"He ended his life peacefully and surrounded by Friends," said Mike FOSTER, a long-time friend and owner of Crosstown Traffic, a cannabis paraphernalia store.
Mr. APPLEBY was an Acquired Immune Deficiency Syndrome patient on a disability pension and couldn't afford the marijuana he used for his illness.
While his Friends are trying not to turn his death into a political issue, many are blaming the federal government for restricting access to marijuana for medicinal purposes.
"It's a travesty that people don't have access to this stuff - a clean, safe good source and supply of it," said Eugene OSCAPELLA, a lawyer with the Canadian Foundation for Drug Policy and a friend of Mr. APPLEBY.
About two weeks ago, Mr. APPLEBY suffered severe burns while trying to extract oil from low-grade cannabis using butane, which exploded in his apartment.
He was admitted to hospital with no chance of survival and had been on a ventilator until his death on Thursday.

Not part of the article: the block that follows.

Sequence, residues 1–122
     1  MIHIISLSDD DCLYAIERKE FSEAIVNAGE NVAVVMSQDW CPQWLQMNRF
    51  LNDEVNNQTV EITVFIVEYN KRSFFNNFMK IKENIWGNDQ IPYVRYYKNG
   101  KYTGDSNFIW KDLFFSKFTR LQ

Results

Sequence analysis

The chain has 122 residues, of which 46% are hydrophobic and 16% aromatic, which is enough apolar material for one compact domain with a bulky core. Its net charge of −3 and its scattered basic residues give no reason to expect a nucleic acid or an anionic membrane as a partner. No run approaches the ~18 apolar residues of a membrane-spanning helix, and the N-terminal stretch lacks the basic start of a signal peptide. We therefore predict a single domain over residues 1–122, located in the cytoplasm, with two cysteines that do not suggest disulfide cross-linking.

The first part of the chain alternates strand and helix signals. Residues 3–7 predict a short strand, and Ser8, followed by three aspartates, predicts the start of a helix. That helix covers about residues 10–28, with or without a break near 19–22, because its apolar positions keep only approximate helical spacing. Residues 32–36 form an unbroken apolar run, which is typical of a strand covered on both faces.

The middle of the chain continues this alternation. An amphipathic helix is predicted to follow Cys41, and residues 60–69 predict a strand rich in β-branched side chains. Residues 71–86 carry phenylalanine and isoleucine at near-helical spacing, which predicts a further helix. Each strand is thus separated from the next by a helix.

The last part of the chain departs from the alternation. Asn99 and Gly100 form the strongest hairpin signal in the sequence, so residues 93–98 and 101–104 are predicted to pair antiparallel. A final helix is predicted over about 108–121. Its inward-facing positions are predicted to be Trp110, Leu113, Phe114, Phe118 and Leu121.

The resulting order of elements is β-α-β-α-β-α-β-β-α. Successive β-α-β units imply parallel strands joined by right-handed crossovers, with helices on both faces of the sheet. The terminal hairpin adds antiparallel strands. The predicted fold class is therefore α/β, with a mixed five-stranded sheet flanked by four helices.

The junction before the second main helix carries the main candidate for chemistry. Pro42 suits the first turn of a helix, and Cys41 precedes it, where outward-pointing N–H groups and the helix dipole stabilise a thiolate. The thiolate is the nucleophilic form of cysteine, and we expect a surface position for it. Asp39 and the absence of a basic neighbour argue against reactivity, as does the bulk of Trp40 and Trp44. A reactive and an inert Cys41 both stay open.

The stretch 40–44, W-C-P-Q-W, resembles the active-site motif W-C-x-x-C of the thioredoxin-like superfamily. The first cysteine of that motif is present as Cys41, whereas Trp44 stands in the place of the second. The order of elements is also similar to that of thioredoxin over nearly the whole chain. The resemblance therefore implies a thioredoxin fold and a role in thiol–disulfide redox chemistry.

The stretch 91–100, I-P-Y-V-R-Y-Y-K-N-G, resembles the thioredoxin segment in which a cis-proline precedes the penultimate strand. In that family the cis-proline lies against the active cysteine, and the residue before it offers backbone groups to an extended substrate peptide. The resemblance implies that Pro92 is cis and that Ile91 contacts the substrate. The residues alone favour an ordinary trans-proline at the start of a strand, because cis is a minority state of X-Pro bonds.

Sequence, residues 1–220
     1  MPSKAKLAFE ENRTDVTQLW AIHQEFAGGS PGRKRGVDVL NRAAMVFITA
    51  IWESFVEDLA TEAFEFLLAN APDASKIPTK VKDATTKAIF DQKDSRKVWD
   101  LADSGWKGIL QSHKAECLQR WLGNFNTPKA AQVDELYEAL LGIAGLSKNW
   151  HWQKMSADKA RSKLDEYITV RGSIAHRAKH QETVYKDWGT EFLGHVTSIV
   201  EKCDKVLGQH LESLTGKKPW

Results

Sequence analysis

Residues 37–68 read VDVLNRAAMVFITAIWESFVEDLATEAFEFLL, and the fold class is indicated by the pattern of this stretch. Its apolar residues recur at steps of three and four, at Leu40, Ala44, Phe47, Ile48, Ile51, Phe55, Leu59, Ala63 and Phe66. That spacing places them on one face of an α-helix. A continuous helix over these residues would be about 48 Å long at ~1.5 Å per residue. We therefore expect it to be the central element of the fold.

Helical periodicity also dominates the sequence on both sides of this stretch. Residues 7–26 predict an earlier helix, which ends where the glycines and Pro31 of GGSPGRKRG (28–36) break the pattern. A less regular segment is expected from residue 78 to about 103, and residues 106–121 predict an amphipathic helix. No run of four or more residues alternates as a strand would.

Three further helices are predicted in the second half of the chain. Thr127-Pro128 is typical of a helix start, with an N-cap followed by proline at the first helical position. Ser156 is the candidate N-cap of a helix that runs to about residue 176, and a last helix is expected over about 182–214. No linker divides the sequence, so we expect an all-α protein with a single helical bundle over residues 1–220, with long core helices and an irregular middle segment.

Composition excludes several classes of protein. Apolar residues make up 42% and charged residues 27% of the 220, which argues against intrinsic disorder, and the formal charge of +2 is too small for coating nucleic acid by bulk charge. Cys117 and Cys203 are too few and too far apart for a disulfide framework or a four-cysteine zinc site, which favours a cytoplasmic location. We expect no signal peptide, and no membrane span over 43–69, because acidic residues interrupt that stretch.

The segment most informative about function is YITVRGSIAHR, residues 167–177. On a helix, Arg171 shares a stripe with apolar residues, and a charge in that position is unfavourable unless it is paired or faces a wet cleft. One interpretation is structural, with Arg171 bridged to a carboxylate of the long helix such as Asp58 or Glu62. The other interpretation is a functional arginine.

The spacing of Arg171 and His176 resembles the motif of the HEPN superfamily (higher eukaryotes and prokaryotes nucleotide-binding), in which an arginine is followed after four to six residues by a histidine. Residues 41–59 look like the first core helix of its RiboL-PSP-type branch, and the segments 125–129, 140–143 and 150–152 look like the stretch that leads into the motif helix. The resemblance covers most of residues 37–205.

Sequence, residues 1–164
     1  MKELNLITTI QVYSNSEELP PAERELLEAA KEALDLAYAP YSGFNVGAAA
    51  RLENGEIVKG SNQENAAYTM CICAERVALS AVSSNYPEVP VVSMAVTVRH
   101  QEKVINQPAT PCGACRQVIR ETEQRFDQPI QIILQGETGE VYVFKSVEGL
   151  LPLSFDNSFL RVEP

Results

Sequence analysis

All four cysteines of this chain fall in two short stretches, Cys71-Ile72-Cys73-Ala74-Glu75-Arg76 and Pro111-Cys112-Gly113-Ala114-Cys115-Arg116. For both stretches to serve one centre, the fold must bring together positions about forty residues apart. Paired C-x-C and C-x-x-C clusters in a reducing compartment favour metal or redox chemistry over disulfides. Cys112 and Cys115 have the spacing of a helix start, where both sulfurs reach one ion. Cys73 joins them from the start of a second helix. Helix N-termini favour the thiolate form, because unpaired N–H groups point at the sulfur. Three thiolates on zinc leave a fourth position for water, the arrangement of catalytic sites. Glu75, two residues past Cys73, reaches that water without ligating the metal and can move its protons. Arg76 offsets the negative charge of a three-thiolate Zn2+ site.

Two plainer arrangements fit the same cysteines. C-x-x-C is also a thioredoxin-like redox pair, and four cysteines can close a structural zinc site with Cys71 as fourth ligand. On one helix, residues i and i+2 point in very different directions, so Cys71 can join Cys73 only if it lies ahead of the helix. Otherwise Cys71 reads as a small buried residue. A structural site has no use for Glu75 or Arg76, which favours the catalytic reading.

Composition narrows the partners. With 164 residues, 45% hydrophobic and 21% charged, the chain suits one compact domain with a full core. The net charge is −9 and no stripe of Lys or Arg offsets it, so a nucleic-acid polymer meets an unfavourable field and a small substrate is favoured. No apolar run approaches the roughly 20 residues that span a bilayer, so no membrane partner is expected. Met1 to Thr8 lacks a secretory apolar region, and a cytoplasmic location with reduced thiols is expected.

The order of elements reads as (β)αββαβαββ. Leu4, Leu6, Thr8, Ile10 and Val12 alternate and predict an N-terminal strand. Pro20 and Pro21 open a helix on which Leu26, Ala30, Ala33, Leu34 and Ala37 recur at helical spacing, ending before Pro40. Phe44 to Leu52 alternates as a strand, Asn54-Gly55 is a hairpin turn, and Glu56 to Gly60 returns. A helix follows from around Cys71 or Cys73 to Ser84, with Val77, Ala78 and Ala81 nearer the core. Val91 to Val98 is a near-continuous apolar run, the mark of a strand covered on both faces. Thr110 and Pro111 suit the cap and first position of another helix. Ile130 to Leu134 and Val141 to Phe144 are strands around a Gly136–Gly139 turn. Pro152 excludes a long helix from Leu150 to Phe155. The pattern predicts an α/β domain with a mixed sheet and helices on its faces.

Mr. OSCAPELLA, who was at Mr. APPLEBY's side when he died, described his friend as an "activist who tried to help people."
"The guy didn't have a lot of strength physically, but he had a lot of strength in other ways, and I think you've got to hand it to him," Mr. OSCAPELLA said.
In a July protest on Parliament Hill, Mr. APPLEBY smoked a joint and burned his Health Canada exemptions to demonstrate dismay at the government's handling of medical marijuana.

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FOSTER o@ca.on.york_county.toronto.globe_and_mail 2003-11-26 published
FOSTER, Douglas Mortimer
Died peacefully at the South Muskoka Memorial Hospital in Bracebridge, on Saturday, November 22nd, 2003 at the age of 88. Beloved husband of Mary Jean (née LYALL.) Predeceased by his first wife Marnie (née KERR.) Lovingly remembered by his children Lynn ARMSTRONG (Brock,) Wendy SHELLEY (Steven,) Doug FOSTER (Nancy,) Lesley FOSTER (Leslie HENDY), his stepchildren Susan BELL, Sharon JONES, Donald BELL and Lyall BELL. Loving grandfather of Craig, Carolyn, Stuart, Adam, Katelynn, Samantha, Marcella, Natalie, Alexandra, Sachi and Hunter. A private memorial service was held at the Reynolds Funeral Home ''Turner Chapel'' in Bracebridge 877-806-2257. Donations in memory of Doug to the South Muskoka Hospital Foundation would be gratefully appreciated by the family.